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dc.contributor.authorDuthie, Susan Jen
dc.contributor.authorGrant, Georgeen
dc.contributor.authorPirie, Lynn Pen
dc.contributor.authorWatson, Amanda Jen
dc.contributor.authorMargison, Geoffrey Pen
dc.date.accessioned2010-08-09T16:24:15Z
dc.date.available2010-08-09T16:24:15Z
dc.date.issued2010-01
dc.identifier.citationFolate deficiency alters hepatic and colon MGMT and OGG-1 DNA repair protein expression in rats but has no effect on genome-wide DNA methylation. 2010, 3 (1):92-100 Cancer Prev Resen
dc.identifier.issn1940-6215
dc.identifier.pmid20051376
dc.identifier.doi10.1158/1940-6207.CAPR-09-0231
dc.identifier.urihttp://hdl.handle.net/10541/109312
dc.description.abstractFolate deficiency is implicated in human colon cancer. The effects of feeding rats a folate-deficient diet for 24 weeks on DNA damage (8-oxo-7,8-dihydroguanine), DNA repair [O(6)-methylguanine-DNA methyltransferase (MGMT) and 8-oxoguanine-DNA glycosylase (OGG-1) activity], and epigenetic parameters (genome-wide cytosine methylation and indices of cellular methylation status) were investigated. Relative to control diet, the folate-deficient diet resulted in significantly reduced levels of serum ( approximately 80%; P < 0.0001), whole blood ( approximately 40%; P < 0.0001), and tissue folate (between 25% and 60% depending on the tissue sampled; P < 0.05); increased plasma total homocysteine ( approximately 35%; P < 0.05); and decreased S-adenosylmethionine to S-adenosylhomocysteine concentrations ( approximately 11%; P < 0.05). There was no significant change in the levels of 5-methyldeoxycytidine in liver or colon DNA, nor in the activity of liver DNA cytosine methyltransferase. However, there were significant increases in 8-oxo-7,8-dihydroguanine (P < 0.001) in lymphocyte DNA and in levels of the DNA repair proteins OGG-1 ( approximately 27%; P < 0.03) and MGMT ( approximately 25%; P < 0.003) in the liver, but not in the colon. This may reflect the ability of the liver, but not the colon, to upregulate DNA repair enzymes in response to either elevated DNA damage or an imbalance in the nucleotide precursor pool. These results show that folate deficiency can significantly modulate DNA damage and DNA repair, providing mechanisms by which it plays a role in the etiology of human cancer. We speculate that the inability of colon tissue to respond to folate deficiency occurs in humans and may increase the potential for malignant transformation.
dc.language.isoenen
dc.subject.meshAnimals
dc.subject.meshColon
dc.subject.meshDNA Damage
dc.subject.meshDNA Glycosylases
dc.subject.meshDNA Methylation
dc.subject.meshDNA Repair
dc.subject.meshFolic Acid Deficiency
dc.subject.meshLiver
dc.subject.meshMale
dc.subject.meshO(6)-Methylguanine-DNA Methyltransferase
dc.subject.meshRats
dc.titleFolate deficiency alters hepatic and colon MGMT and OGG-1 DNA repair protein expression in rats but has no effect on genome-wide DNA methylation.en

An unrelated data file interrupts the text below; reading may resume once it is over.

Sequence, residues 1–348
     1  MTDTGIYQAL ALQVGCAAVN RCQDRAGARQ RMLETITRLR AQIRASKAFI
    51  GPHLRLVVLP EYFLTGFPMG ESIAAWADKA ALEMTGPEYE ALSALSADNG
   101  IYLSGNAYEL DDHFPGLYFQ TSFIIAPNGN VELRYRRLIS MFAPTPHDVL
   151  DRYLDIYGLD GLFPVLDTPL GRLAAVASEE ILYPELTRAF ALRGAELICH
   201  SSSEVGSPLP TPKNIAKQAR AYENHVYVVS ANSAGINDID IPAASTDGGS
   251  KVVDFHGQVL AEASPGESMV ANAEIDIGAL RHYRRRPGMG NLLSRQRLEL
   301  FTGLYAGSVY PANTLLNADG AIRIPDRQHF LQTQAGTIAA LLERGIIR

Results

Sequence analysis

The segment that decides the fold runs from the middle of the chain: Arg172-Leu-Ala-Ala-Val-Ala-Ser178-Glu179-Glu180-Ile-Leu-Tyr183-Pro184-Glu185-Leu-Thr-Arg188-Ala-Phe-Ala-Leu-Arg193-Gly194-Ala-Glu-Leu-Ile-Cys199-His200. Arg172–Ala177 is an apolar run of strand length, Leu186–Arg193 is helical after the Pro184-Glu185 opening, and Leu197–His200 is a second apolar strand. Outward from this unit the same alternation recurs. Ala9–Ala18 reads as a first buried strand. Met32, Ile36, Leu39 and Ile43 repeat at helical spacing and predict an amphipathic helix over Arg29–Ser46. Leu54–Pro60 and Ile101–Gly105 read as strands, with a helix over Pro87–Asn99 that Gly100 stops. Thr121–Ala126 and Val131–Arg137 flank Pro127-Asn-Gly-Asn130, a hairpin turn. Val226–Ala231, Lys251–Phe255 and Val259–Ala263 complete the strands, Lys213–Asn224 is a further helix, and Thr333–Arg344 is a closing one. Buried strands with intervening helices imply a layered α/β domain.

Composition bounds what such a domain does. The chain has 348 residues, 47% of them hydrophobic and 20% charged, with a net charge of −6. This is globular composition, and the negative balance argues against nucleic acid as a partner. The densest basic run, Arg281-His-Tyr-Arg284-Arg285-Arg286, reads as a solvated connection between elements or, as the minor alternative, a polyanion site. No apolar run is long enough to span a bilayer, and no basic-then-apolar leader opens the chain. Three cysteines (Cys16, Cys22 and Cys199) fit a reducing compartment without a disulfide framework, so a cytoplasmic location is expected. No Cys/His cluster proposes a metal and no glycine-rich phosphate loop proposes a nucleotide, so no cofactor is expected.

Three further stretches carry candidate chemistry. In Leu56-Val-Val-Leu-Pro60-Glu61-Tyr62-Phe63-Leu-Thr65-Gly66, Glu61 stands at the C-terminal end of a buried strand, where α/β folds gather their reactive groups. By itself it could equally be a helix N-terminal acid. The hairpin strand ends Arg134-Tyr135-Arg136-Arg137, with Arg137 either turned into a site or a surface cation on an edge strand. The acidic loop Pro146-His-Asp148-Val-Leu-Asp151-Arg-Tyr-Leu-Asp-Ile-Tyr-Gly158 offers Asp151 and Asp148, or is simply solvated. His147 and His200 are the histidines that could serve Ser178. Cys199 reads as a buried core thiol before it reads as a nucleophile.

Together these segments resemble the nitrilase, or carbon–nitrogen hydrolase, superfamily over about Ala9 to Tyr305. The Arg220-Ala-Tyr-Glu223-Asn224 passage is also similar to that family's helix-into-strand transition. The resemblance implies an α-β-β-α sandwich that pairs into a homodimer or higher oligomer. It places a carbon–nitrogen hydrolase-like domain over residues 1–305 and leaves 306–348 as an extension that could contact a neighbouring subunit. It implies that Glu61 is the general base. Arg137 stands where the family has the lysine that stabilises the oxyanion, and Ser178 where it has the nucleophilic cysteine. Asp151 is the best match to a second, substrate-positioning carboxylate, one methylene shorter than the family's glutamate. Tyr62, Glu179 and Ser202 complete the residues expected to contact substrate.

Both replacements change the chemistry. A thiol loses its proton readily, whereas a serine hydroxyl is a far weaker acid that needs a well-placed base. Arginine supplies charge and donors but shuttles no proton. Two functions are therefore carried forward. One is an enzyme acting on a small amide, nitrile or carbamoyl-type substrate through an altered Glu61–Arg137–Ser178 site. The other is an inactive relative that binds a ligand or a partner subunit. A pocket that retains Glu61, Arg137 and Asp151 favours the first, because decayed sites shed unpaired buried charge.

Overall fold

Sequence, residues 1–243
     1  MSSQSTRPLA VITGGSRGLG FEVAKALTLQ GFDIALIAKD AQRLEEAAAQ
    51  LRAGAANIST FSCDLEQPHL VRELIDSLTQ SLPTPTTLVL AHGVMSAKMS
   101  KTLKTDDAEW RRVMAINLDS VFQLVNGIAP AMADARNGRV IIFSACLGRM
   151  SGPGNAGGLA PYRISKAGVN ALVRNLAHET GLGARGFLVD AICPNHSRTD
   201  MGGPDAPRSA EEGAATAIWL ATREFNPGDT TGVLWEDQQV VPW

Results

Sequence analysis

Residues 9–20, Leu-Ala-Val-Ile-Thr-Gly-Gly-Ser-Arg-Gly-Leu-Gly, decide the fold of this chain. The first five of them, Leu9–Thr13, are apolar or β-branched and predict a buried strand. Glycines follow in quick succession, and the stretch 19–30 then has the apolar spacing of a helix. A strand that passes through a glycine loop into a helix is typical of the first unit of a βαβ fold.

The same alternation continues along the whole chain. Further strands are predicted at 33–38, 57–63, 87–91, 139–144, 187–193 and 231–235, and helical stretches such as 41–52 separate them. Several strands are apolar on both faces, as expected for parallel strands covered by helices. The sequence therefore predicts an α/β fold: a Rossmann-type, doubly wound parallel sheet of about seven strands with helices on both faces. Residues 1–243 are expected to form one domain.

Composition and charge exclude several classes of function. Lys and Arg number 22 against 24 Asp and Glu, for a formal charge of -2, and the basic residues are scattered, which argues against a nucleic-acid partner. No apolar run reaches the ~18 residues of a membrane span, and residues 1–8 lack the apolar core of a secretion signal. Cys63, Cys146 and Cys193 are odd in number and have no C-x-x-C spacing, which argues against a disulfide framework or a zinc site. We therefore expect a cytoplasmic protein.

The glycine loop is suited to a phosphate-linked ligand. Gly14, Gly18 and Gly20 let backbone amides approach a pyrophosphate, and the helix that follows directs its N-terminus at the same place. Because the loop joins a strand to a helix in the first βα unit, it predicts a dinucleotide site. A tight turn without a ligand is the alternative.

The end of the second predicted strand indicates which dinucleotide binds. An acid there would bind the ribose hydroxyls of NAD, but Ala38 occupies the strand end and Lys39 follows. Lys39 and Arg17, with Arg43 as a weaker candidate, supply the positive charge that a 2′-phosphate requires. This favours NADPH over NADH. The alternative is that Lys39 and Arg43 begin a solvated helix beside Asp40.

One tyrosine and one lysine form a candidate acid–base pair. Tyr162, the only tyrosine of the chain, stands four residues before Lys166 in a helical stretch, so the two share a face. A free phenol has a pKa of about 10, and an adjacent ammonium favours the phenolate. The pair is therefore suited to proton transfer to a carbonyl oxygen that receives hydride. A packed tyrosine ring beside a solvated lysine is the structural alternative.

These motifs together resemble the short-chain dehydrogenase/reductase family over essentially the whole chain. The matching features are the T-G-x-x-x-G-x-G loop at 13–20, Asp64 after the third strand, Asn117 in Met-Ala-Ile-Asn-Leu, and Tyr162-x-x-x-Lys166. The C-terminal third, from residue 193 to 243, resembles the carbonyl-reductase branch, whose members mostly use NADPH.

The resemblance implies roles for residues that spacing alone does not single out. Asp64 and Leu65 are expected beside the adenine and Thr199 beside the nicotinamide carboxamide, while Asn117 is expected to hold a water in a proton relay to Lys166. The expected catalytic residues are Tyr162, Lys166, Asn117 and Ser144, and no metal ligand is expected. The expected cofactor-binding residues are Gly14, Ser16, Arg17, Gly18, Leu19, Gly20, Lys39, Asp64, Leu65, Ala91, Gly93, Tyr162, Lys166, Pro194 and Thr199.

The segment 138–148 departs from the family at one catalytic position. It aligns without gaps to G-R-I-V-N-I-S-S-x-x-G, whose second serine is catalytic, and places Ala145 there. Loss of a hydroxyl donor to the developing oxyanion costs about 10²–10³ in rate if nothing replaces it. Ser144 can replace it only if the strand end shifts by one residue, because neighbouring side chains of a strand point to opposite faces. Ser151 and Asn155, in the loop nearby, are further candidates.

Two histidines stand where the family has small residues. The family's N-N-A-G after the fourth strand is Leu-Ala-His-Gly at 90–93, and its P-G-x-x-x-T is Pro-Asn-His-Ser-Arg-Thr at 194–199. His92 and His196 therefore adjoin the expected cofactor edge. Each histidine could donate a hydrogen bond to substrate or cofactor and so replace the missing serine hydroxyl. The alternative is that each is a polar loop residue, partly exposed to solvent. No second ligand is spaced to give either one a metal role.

dc.typeArticleen
dc.contributor.departmentRowett Institute of Nutrition and Health, University of Aberdeen, United Kingdom. s.duthie@abdn.ac.uken
dc.identifier.journalCancer Prevention Researchen
html.description.abstractFolate deficiency is implicated in human colon cancer. The effects of feeding rats a folate-deficient diet for 24 weeks on DNA damage (8-oxo-7,8-dihydroguanine), DNA repair [O(6)-methylguanine-DNA methyltransferase (MGMT) and 8-oxoguanine-DNA glycosylase (OGG-1) activity], and epigenetic parameters (genome-wide cytosine methylation and indices of cellular methylation status) were investigated. Relative to control diet, the folate-deficient diet resulted in significantly reduced levels of serum ( approximately 80%; P < 0.0001), whole blood ( approximately 40%; P < 0.0001), and tissue folate (between 25% and 60% depending on the tissue sampled; P < 0.05); increased plasma total homocysteine ( approximately 35%; P < 0.05); and decreased S-adenosylmethionine to S-adenosylhomocysteine concentrations ( approximately 11%; P < 0.05). There was no significant change in the levels of 5-methyldeoxycytidine in liver or colon DNA, nor in the activity of liver DNA cytosine methyltransferase. However, there were significant increases in 8-oxo-7,8-dihydroguanine (P < 0.001) in lymphocyte DNA and in levels of the DNA repair proteins OGG-1 ( approximately 27%; P < 0.03) and MGMT ( approximately 25%; P < 0.003) in the liver, but not in the colon. This may reflect the ability of the liver, but not the colon, to upregulate DNA repair enzymes in response to either elevated DNA damage or an imbalance in the nucleotide precursor pool. These results show that folate deficiency can significantly modulate DNA damage and DNA repair, providing mechanisms by which it plays a role in the etiology of human cancer. We speculate that the inability of colon tissue to respond to folate deficiency occurs in humans and may increase the potential for malignant transformation.


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